Thousands gathered on Forever Florida in St. Cloud last Saturday to participate in Foam Fest, an event that bills itself as the “only obstacle mud race that doubles as a human car wash,” reports the Orlando Sentinel.
The 5K Foam Fest website boasts they trow more foam at you than a pack of toddlers in a bubble bath.
With oversized dishwater soap suds floating across the grass, it looks clean. Yet, it’s anything but.
Beginning in February and wrapping up in December, Florida welcomes obstacle racing season. Our state’s warm temperatures allow event planners to get an early start on mud runs.
Most races last three miles and attract folks of all different backgrounds from weekend athletes at Warrior Dash to families at Foam Fest.
The popularity of road racing continues to grow, but there are different options to the races along the roads: obstacle racing.
Millennials are swarming to the obstacle races made popular by Tough Mudders and Spartan Races because they turn the idea of a normal, boring run on its head. Instead, the races are action packed and, albeit a little terrifying and somewhat dangerous, fun.
The marketing is working. Millennials are swarming to the event.
In an article for Outside, Renee Jacques wrote about why the race is popular among young Americans: “Every day we are faced with negativity, older generations telling us our future is bleak, prophesying our destinies like really mean fortune tellers … The Tough Mudder forces you to forget about your responsibilities and just live in the moment — without wanting to take a picture of it or write a status about it. I’m still not entirely sure what the challenge’s intangible lure is. It’s hard to put into exact words why it is so enjoyable.”
The SHAPE Diva Dash is expanding to 10 cities in 2013 to meet the increasing demand for women’s-only obstacle racing.
The series began as a single run in 2011, before expanding to four cities in 2012.
Now they’re looking at their biggest year yet as they expand to 10 cities in eight states and Washington, D.C. The series’ first race takes off this weekend in Atlanta, Georgia.
Nearly three hours after several hundred runners embarked around Henry Hagg Lake, Forest Grove native Russell Gober lumbered across the finish line.
He looked different than most of the 142 runners who finished before him in the 13th annual Hagg Lake Mud Run.
Unlike the others, the 46-year-old crossed the finish line with hardly a speck of mud across his white shirt and navy-blue shorts
To accommodate nearly 700 runners over two days, co-race director Todd Janssen said around 80 volunteers helped before, during and after the races.
Bluffton resident and developer Thomas Viljac began competing in mud run challenges 2 1/2 years ago in Georgia, Florida and New Jersey.
The Army veteran saw the Lowcountry as the perfect location to host one of the multi-mile runs that mixes aspects of a miltary-style obstacle course. The inaugural Face Your Fears Challenge will be Feb. 23 in Palmetto Bluff to benefit special operations forces in the military.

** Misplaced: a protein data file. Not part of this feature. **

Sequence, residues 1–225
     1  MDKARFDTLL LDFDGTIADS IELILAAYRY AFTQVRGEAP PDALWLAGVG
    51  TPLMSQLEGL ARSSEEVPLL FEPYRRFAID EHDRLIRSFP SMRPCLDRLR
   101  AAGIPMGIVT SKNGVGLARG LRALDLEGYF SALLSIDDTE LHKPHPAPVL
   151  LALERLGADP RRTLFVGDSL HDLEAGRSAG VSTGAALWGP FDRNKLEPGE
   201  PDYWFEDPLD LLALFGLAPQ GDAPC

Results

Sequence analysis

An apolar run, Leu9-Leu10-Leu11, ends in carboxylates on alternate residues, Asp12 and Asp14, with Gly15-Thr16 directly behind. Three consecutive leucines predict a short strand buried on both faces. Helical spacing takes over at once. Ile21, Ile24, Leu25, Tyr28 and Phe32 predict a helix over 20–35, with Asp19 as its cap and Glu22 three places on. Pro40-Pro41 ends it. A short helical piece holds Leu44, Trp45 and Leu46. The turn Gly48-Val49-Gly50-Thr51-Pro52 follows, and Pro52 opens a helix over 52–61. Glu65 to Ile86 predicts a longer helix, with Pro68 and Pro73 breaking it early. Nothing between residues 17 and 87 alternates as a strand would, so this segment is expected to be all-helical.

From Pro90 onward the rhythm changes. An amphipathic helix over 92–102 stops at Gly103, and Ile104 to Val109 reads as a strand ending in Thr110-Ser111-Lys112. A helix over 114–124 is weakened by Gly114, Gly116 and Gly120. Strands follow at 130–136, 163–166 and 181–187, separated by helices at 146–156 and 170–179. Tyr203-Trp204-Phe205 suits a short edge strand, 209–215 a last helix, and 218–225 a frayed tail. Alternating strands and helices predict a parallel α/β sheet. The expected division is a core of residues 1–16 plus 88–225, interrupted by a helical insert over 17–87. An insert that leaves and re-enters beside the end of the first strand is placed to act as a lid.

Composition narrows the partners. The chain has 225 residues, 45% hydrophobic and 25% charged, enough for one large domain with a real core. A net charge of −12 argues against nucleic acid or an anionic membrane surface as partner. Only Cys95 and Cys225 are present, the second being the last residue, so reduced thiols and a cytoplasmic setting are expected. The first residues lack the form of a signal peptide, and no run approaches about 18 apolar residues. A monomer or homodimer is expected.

Participants have three courses to choose from.
The valor course is for experienced competitors — 10 miles with 25 obstacles.
The courage course is designed for the recreational athlete and is 3 miles with 16 obstacles.
The seal pups course is a quarter mile, with no obstacles, and is designed for children and families. At the finish line, participants receive dog tags.
Mud flies at ‘Mad Anthony’ run: Almost 200 souls take on military-inspired obstacle race (newsleader.com)
In the end, they were more smudgy than muddy. But, as participants in Saturday’s “Mad Anthony” race learned, a mud run needn’t be overly filthy to be fun.
Almost 200 runners did battle against a 4-mile course and its obstacles during the annual event at Coyner Springs Park.
To many people, simply thinking about trudging up multiple flights of steps is enough to make them break out in a sweat and look for the nearest elevator.
But for participants in Chattanooga Challenge — the city’s first “urbanathlon,” or obstacle-filled 10K — reaching the top floor of a downtown building the hard way will be just one of a dozen challenges they will face before the finish line.
The race, set for March 23 at Ross’s Landing, follows a course through downtown, Southside and along the Chattanooga Riverwalk. Along the way, participants will overcome obstacles ranging from the stair marathon and climbing over a See Rock City barn to wading through near-freezing water in the Penguin Plunge, a frigid contribution inspired by the Tennessee Aquarium.
Proceeds from the event, which is expected to draw more than 1,000 participants, will be funneled to the Chattanooga Times Free Press Foundation, a recently founded organization focusing on charitable community outreach.
The Pickens County 4-H 5K Mud Run will take place on April 13 at BJ Skelton Career Center, 1348 Griffin Mill Road in Easley.
Youth fun-run: 1K course with mini-obstacles for youth 12 and under.
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